Proposed section 156D

123

Superannuation Act 1990

Proposed section 39C

124

Taxation Administration Act 1953

Proposed section 15D

 

The amendments in the table above set out in similar terms the requirement to report about recoverable payments and recoverable death payments.  (It should be noted that the TAA does not provide for recoverable death payments but must comply with the reporting requirements in the same term in respect of recoverable advances and recoverable payments.)

Those provisions define the term ‘reporting period’ as a financial year or a shorter period specified in a legislative instrument by the relevant Minister, or the Finance Minister (however specified).  Similarly, the term  ‘applicable publication period’ for a reporting period is defined as being four months, or a lesser number of months that is specified in a legislative instrument made by the relevant Minister, or the Finance Minister (however specified).  

During the applicable publication period for a reporting period the Secretary or the Chief Executive (however specified) must publish a report setting out the number of recoverable payments or recoverable advances made during the reporting period and the total amount of those payments, as well as the number of recoverable death payments made during the reporting period and the total amount of those payments.  There are also provisions which allow for deferred reporting—but there are no exemptions from reporting.

According to the Explanatory Memorandum, the report may be included in the agency’s annual report or on its website.[13] A number of agencies currently do this, for example, Australian Taxation Office.[14]

Payment practices

Item

Act being amended

New sections

33–40

Dairy Produce Act 1986

Proposed subsections 6(4), 6(4A)–(4C) and 6(8)–(9)

44–51

Egg Industry Service Provision Act 2002

Proposed subsections 8(3), 8(3A)–(3C) and 8(7)–(8)

54–63

Forestry Marketing and Research and Development Services Act 2000

Proposed subsections 9(4), 9(4A)–(4C) and 9(8)–(9)

67–69

Horticulture Marketing and Research and Development Services Act 2000

Proposed subsections 16(7A)–(7D) and 16(8A)–(8B)

79–87

Pig Industry Act 2001

Proposed subsections 10(8), 10(8A)–(8C), 10(11A) and 10(15)

90–113

Primary Industries and Energy Research and Development Act 1989

Proposed subsections 32(1), 32(1A)–(1D),  110(1) and 101(1A)–(1D)

125–131

Wool Services Privatisation Act 2000

Proposed subsections 31(7), 31(7A)–(7C) and 31(8C)–(8D)

 

The amendments in the table above generally relate to primary industry services bodies which are funded by various statutory industry levies on the one hand, and by matching payments from the Commonwealth on the other.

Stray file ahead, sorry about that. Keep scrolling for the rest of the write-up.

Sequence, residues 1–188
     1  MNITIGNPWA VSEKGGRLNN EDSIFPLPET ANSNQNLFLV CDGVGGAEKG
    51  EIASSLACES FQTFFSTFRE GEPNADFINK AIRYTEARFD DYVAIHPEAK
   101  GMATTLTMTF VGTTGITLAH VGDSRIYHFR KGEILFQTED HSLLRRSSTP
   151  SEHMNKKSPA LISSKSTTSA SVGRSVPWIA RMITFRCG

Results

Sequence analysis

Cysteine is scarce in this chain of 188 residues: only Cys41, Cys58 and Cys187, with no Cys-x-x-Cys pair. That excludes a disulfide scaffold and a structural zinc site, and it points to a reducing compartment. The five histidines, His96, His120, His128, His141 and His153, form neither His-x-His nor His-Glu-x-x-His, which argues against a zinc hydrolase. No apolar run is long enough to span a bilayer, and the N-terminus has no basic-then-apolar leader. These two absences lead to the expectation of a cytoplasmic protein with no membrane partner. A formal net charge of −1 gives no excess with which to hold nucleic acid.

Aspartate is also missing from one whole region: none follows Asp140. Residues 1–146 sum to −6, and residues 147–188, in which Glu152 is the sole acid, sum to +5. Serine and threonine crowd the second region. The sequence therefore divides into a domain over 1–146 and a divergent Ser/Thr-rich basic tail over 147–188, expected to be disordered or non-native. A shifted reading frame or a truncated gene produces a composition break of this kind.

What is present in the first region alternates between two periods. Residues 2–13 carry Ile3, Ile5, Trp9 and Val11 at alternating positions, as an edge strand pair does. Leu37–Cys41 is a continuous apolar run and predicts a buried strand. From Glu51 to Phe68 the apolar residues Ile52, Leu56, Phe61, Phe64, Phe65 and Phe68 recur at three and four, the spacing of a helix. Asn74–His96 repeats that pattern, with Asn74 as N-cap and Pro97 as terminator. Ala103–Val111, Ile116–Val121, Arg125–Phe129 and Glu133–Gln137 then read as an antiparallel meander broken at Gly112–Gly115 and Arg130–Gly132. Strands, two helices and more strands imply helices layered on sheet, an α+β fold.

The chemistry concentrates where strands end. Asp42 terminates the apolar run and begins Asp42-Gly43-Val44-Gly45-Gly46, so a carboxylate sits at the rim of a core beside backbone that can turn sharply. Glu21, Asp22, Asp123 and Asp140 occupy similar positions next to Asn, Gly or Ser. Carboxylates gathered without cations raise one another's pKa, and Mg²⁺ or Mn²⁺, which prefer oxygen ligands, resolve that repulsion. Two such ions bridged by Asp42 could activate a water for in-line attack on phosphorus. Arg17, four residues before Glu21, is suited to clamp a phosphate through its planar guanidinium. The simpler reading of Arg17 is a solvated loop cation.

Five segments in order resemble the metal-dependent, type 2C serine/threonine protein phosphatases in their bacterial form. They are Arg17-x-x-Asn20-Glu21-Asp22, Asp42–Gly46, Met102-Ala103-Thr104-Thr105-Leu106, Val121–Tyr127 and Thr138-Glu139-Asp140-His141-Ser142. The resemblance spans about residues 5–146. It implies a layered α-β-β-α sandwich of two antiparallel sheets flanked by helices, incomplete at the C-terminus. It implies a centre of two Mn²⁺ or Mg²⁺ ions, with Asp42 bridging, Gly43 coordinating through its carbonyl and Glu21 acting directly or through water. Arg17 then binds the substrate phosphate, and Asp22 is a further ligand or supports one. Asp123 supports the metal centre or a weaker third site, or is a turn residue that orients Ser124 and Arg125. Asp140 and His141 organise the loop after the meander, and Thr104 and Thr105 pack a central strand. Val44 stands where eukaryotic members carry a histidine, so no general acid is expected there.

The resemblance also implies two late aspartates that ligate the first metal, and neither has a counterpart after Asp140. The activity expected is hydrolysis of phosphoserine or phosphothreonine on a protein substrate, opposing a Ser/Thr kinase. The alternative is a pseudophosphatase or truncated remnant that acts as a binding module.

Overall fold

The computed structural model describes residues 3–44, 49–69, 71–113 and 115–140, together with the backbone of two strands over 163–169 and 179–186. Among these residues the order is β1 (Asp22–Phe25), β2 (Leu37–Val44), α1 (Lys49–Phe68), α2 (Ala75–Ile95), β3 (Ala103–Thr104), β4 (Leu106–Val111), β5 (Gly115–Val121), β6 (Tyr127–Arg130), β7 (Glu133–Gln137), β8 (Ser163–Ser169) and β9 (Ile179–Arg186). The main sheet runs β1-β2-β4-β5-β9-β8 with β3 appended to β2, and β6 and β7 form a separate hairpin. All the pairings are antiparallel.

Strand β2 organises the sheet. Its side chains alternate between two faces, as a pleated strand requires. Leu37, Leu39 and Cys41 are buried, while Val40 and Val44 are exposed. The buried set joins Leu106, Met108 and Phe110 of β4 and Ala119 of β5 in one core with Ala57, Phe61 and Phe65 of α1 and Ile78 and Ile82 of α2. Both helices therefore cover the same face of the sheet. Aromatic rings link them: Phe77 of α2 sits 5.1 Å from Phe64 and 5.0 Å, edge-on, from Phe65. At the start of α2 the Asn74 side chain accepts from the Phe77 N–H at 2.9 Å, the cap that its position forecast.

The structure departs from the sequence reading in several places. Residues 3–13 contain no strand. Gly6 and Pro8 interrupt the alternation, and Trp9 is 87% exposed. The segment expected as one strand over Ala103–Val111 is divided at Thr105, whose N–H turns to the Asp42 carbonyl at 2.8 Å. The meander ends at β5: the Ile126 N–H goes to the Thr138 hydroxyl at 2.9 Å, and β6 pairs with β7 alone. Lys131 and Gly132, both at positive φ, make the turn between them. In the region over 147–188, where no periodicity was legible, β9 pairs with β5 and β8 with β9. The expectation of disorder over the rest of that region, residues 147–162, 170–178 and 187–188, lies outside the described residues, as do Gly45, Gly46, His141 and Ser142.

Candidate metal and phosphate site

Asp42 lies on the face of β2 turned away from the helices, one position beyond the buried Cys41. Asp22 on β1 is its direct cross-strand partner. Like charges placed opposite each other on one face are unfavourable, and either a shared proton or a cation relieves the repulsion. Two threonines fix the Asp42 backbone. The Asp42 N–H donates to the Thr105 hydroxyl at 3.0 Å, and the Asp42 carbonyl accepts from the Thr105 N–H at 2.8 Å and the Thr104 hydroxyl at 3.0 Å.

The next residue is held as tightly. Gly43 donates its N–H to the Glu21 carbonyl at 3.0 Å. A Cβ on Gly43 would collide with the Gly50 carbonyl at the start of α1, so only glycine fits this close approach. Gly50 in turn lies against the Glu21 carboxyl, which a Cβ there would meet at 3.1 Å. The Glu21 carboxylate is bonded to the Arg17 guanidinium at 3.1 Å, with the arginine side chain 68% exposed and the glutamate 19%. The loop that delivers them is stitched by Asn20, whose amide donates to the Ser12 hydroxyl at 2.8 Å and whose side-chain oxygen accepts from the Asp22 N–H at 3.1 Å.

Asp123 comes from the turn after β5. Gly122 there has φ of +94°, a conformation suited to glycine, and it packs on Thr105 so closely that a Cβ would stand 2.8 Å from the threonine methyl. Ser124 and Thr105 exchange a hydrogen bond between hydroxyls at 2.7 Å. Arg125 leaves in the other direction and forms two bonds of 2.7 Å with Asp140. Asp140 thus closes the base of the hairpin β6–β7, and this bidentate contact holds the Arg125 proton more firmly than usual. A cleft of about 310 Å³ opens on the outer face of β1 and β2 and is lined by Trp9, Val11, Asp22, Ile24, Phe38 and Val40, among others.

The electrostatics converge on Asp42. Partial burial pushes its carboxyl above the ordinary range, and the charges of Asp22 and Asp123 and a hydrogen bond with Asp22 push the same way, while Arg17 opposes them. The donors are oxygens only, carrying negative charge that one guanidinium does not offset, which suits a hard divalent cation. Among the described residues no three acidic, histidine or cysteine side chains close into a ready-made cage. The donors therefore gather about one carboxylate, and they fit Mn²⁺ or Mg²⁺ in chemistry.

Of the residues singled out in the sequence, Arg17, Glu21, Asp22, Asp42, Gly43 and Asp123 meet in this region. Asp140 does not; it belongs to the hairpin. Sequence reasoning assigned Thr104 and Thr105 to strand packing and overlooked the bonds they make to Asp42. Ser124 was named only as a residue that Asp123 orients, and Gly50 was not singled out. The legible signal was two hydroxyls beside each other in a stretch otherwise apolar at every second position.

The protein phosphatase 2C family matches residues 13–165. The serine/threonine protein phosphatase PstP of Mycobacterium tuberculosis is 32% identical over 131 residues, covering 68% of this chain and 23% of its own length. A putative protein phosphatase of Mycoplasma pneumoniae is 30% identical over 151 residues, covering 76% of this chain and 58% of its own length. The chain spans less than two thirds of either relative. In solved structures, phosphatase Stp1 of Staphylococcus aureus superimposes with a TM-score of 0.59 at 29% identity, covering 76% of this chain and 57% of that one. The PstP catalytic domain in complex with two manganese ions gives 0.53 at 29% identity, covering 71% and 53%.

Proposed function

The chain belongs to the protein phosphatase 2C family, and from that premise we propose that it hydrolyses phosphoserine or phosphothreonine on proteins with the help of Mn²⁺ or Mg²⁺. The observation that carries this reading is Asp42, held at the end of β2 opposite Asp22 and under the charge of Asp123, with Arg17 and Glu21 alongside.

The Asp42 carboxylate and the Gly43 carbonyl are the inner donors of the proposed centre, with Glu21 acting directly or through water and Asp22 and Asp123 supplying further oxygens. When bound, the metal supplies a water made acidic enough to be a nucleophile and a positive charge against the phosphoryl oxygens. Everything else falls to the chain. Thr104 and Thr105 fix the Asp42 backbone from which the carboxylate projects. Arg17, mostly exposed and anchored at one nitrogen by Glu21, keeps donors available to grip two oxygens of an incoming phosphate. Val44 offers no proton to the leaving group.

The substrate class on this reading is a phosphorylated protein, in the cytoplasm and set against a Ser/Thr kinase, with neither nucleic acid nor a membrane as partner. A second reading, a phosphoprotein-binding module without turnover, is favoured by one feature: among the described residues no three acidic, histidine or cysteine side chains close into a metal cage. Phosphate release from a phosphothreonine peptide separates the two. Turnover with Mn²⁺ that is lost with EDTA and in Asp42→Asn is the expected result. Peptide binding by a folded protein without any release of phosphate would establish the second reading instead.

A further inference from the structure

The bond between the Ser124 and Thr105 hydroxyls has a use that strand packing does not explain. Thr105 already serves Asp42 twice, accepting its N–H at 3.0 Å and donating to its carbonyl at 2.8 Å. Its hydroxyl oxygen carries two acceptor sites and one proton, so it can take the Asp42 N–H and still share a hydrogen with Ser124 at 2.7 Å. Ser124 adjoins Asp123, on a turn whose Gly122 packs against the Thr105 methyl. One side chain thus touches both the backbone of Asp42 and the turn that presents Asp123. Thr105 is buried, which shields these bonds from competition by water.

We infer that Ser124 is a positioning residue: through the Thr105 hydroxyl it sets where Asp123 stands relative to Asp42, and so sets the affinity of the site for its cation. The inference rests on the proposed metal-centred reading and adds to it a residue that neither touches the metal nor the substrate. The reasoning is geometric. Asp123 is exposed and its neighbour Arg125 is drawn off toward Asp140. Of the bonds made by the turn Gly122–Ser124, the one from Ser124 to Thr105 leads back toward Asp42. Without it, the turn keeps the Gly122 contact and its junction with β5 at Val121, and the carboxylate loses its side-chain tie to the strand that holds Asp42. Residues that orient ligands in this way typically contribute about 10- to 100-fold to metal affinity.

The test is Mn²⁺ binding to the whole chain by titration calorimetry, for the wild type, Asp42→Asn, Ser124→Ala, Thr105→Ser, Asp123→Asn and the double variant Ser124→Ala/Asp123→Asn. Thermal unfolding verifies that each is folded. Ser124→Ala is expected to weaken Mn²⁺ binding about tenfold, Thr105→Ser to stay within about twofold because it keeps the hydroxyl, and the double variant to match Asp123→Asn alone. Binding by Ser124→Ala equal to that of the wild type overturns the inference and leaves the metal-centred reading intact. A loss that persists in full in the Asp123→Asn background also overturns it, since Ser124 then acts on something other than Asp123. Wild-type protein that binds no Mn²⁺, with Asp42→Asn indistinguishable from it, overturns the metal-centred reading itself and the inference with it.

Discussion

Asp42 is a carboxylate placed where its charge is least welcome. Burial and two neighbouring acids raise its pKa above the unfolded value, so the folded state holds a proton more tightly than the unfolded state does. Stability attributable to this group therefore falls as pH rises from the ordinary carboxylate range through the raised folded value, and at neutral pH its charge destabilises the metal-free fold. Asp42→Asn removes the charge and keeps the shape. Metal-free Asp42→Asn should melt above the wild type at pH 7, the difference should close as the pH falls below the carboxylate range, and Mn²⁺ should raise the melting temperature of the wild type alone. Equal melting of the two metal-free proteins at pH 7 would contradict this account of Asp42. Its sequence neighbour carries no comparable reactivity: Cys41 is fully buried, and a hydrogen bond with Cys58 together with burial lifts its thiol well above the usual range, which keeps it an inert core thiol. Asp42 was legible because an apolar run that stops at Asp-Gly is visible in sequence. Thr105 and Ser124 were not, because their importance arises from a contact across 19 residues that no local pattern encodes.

The amendments inserted into each of the listed Acts provide in similar terms that the matching payments by the Commonwealth are capped at a maximum of 0.5 per cent of an industry’s Gross Value of Production (GVP) and that it is a condition of payment that where an industry body has received more than the capped amount (when the amount is finally calculated), it will pay to the Commonwealth an amount equal to the excess. 

To determine an industry’s GVP, the relevant Secretary or Minister relies on data provided by the Australian Bureau of Agricultural and Resource Economics and Sciences (ABARES). However the latest, most accurate figures may not be available so payment may inadvertently exceed the funding ceiling of 0.5 per cent of industry GVP.  The Bill amends the relevant Acts to prevent inadvertent breaches of section 83 of the Constitution if payments are later found to exceed the cap. The amendments validate the making of matching payments as well the recovery of any inadvertent overpayments.

Under the existing provisions of the Australian Animal Health Council (Live-stock Industries) Act 1996 the Commonwealth is required to pay the Australian Animal Health Council (the Council) the net amount of certain levies, charges and penalties less the Commonwealth’s administrative costs collecting and recovering those amounts.  The amendments in items 1–23 of Schedule 1 to the Bill will make it a condition of a payment by the Commonwealth to the Council, that the Commonwealth pay the Council the total amount of the levies, charges and penalties and the Council will owe to the Commonwealth an amount equal to the costs incurred by the Commonwealth in collecting or recovering levies, charges or penalties and in administering payments to the Council.  The Commonwealth may then offset those amounts against payments that the Commonwealth must make to the Council in the future.[15]